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Dreaded moths appear contained

2:38 pm July 27th, 2012

Gypsy moth fighters think they’ve won two battles in Pierce County but are continuing the war against the insect the tree-wrecking insect.

The state Department of Agriculture on June 21 finished its efforts to rid a 13-acre residential area near Eatonville Highway and Hilligoss Road. Spray to kill the moths was applied four times – two in May and two in June – on trees, shrubs and other vegetation.

A second location – 43 mostly commercial acres near South Hill Mall in Puyallup – was sprayed five times between May 8 and June 28.

Officials said they believe the moths, which in its caterpillar form can destroy large stands of trees if allowed to multiply, have been killed off. But to be sure, the areas will be monitored with moth traps the rest of this summer and longer, said Mike Louisell, a spokesman for the agriculture department.

“We’ll do extra trapping this summer to help determine whether any gypsy moth caterpillars escaped the treatments,” Louisell said. “The sites areas will be officially declared eradicated if no gypsy moths are detected for two consecutive years.”

The spray that was used is, a biological insecticide (Bacillus thuringiensis var. kurstaki or Btk), which the state has used previously on gypsy moths in other locations. Residents and businesses in the areas that were sprayed were informed of the plans for spraying at open houses hosted by the department (WSDA) in Eatonville and Puyallup in February.

“We’ve gotten great cooperation from residents in Eatonville and businesses at the mall,” Louisell said, referring to the planning stages of the spraying and the spraying itself. The spraying was conducted between 9 a.m. and 1 p.m. in Eatonville and 4 a.m. and 8 a.m. in Puyallup.

Jim Marra, WSDA’s managing entomologist, said workers had to wait for the caterpillars “to hatch out and be a certain size before the spray could be effective.”

The area near the mall also was also sprayed last year. With Eatonville involved this year, 2012 is the first year since 2005 that the state has sprayed two sites in the same year for gypsy moths.

State entomologists knew gypsy moths were reproducing at both locations after catching some at both locations last September. Two moths were trapped in Eatonville. One was alive, which entomologists say was the latest in any given year that the state has found any living gypsy moths. Also found at the Eatonville location were two egg masses and pupal cases, additional proof of a reproducing population, WSDA officials reported.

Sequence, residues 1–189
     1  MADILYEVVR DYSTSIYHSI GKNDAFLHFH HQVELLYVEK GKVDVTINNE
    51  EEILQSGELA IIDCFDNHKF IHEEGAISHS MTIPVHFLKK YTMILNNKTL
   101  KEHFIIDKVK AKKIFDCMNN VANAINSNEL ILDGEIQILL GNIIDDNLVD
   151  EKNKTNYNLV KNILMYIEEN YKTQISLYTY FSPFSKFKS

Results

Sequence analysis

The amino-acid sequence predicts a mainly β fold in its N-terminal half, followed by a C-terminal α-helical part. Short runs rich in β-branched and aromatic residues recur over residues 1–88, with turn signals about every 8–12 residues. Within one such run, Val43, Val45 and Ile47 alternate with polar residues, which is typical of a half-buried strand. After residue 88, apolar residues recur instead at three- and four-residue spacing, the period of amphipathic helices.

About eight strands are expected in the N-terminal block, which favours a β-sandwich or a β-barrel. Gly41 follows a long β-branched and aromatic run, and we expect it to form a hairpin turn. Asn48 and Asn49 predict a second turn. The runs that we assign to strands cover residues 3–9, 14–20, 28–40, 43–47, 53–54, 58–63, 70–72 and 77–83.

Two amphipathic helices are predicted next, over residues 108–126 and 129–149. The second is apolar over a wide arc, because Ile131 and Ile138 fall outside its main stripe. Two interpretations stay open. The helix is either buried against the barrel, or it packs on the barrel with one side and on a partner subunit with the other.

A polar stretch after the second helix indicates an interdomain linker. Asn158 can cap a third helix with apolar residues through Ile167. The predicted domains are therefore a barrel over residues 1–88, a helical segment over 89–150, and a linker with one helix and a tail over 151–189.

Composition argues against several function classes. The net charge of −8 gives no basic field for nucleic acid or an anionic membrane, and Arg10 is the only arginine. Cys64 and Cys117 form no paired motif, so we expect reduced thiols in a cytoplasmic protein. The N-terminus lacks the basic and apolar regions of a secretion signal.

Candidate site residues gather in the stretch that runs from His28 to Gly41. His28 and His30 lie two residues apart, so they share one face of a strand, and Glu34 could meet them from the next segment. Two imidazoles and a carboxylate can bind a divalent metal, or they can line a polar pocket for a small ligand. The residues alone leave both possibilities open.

Gypsy moths have been detected in Washington every year since 1977, but permanent populations have been prevented by the state’s trapping and eradication programs, according to WSDA. Last summer, the department set more than 17,000 small cardboard traps in neighborhoods, business districts, ports and rural areas across the state in an effort to stop any infestation from spreading.

Gypsy moths, which aren’t native to the U.S., arrive in the Pacific Northwest on ships from foreign ports or by hitching a ride with people traveling from other parts of the country, according to WSDA.

Nineteen states in the east and midwest are permanently infested with gypsy moth, resulting in extensive environmental and economic damage each year, officials said.

Gypsy moths are a forest pest that attack deciduous and evergreen trees, as well as urban landscapes, shrubs and other vegetation. If unchecked, the moths can destroy large forested areas – something that hasn’t happened in Washington but has occurred in other states.

In its caterpillar form, the pest attacks more than 500 species of trees and plants. The caterpillar quickly strips trees and plants of leaves, destroying some and weakening others so they are susceptible to plant diseases.

Twenty-five WSDA workers are placing 18,000 brightly colored gypsy moth traps in trees and shrubs and other foliage in an attempt to detect moth populations before they can spread. The traps, which are showing up in residential neighborhoods, business districts, ports and rural areas, will be checked every two to three weeks before being taken down in October.

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